Chives have a light flavor that is a little bit close to the onion taste. They have delightful purple flower blossoms that you can add to the dish. These grow like weeds and are easily nurtured in your kitchen garden. Chives can easily transform a basic dish into an epic one. Just like dill, it is best to use fresh chives. Therefore skip the dried version of these amazing herbs.

  • When to use fresh chives
  • Sprinkled over deviled eggs
  • As a finishing herb
  • Blended into dressings
  • In salads
  • To top soups, chilies, and curries
  • In spreads and dips
  • In shellfish dishes

7. Parsley

The most easily recognizable herb is perhaps parsley. It is also the one that is most easily found in supermarkets and grocery stores. The herb has a flat leaf with various species that are strong, palatable, and have a flavor almost like introduces a vibrant green look and feel into your food. For this reason, it is best used while fresh and green.

  • When to use fresh parsley
  • In bone broth and stocks
  • As a base for pesto with pecans
  • As a finishing herb
  • In compound butter
  • In herb-based salads
  • In soups and stocks, for garnish
  • With lemon and chicken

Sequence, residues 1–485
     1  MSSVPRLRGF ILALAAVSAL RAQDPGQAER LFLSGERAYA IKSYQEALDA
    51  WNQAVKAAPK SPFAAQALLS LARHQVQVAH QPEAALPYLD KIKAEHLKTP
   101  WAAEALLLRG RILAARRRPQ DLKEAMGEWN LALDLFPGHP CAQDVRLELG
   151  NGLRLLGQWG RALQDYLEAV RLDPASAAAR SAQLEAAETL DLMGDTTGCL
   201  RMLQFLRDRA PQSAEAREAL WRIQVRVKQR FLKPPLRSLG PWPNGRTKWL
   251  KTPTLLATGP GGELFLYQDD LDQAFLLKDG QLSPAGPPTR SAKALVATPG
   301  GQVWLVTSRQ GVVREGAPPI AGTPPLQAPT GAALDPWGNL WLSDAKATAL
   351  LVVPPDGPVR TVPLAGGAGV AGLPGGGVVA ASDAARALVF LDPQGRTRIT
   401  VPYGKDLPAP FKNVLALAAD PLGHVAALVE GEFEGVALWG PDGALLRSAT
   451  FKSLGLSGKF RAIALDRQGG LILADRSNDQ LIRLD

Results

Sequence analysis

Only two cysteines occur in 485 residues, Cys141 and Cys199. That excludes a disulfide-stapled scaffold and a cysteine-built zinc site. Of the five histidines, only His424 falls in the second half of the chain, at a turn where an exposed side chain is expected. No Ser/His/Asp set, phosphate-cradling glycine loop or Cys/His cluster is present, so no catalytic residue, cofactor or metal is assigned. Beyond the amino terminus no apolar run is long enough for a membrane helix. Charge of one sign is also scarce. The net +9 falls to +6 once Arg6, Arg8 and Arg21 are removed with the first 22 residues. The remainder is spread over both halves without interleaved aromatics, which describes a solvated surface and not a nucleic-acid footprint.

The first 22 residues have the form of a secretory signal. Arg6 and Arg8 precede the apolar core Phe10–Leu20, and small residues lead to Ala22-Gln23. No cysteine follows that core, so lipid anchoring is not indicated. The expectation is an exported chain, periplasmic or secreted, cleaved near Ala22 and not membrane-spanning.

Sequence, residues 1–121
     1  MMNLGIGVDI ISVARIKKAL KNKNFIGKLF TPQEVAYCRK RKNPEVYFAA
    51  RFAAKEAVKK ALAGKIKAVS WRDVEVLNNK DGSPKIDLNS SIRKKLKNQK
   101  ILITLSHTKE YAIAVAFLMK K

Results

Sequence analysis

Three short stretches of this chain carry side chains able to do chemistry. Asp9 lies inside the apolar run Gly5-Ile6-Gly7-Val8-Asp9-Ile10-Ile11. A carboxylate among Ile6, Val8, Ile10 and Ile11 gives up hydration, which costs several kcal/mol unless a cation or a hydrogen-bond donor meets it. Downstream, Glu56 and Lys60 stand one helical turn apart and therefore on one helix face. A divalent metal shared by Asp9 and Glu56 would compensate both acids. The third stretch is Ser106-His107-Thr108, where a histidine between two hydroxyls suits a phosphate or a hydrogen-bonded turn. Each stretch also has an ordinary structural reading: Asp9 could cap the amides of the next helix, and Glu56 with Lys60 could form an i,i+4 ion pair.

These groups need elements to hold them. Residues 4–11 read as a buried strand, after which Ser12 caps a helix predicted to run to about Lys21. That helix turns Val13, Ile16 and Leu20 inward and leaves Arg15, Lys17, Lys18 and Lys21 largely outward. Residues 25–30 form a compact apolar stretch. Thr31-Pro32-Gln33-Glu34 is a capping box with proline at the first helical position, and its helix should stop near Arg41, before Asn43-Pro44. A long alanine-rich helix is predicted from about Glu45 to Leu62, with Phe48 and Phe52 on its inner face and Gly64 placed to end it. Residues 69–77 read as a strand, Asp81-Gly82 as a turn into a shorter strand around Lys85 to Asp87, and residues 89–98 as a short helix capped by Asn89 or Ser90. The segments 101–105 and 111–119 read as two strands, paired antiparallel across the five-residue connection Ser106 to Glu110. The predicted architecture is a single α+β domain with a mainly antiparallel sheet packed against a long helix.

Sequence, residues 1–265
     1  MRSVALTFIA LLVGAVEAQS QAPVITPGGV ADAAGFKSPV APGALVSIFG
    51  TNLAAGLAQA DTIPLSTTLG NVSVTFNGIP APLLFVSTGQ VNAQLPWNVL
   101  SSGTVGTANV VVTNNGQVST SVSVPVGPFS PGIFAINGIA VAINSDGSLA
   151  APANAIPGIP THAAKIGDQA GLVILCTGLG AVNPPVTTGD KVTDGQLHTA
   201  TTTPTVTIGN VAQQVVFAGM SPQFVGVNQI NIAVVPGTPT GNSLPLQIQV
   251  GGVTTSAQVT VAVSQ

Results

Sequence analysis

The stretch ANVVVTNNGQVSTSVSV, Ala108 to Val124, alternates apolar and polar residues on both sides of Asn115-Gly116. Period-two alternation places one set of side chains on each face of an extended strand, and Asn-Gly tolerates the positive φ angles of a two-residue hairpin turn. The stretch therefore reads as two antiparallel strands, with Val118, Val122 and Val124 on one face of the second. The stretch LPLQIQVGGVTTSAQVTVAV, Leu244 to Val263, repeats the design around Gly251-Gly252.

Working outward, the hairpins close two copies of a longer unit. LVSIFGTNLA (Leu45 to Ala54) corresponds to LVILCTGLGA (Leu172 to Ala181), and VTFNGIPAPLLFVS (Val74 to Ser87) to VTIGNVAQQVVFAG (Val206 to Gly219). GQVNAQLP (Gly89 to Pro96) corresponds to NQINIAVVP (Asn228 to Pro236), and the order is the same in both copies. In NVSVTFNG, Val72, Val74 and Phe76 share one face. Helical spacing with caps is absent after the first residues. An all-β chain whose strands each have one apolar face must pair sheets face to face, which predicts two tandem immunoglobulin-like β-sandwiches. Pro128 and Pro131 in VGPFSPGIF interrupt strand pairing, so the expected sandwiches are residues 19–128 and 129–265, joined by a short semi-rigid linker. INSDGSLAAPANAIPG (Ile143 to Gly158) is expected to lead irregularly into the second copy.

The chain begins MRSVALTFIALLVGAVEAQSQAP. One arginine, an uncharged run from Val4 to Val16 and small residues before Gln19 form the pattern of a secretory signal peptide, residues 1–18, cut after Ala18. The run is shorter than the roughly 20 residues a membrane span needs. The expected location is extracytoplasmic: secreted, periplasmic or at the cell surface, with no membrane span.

• With fish dishes
  • Fried in a high-smoke-point oil for a crispy garnish

8. Rosemary

Rosemary is perhaps the most pungent of all essential herbs in the average kitchen. It is also intoxicating, especially when raw and green. Its smell has been studied to reduce stress and even boost human memory. It grows through colder seasons into a sturdy bush of numerous sprouts. Some rosemary varieties have small flowers that you can eat raw.

  • When to use rosemary, dried or fresh
  • With sturdy white fish, whole roasted chicken, pork chops and tenderloin
  • As both a starting or a finishing herb, when finely chopped
  • With roasted sweet potatoes
  • Use the sturdy stems as skewers for kebabs
  • Steeped in olive oil and used as a drizzle

9. Sorrel

Sorrel is a wild herb that can grow anywhere, including your front yard. It is lemony, tangy and most tasty or tender in the early spring. It has been around the world for ages, but interestingly not easily found in the average grocery store.
Sorrel is popular in old recipes and cookbooks, thanks to its many health benefits. It was popular in most herbal remedies from the 20th century. It is great for cleansing the blood because of its high Vitamin C levels. Always cook with fresh sorrel.

  • When to use fresh sorrel:
  • Mixed in Paleo cream sauces
  • In green and fruit salads
  • With seafood
  • Juiced with other vegetables
  • In soups

10. Mint

Mint is perhaps one of the most overlooked herbs in the world. It can be deliciously muddled into a mocktail or added into iced tea. Additionally, it can easily be added to savory dishes. Mint has several varieties and grows in little time to make your cooking more succulent. Dedicated large spaces of land in your kitchen garden. Always work with fresh mint.

  • When to use fresh mint
  • In Asian-inspired dishes
  • With cacao nibs and powder in baked goods
  • In smoothies
  • Added to green or fruit salads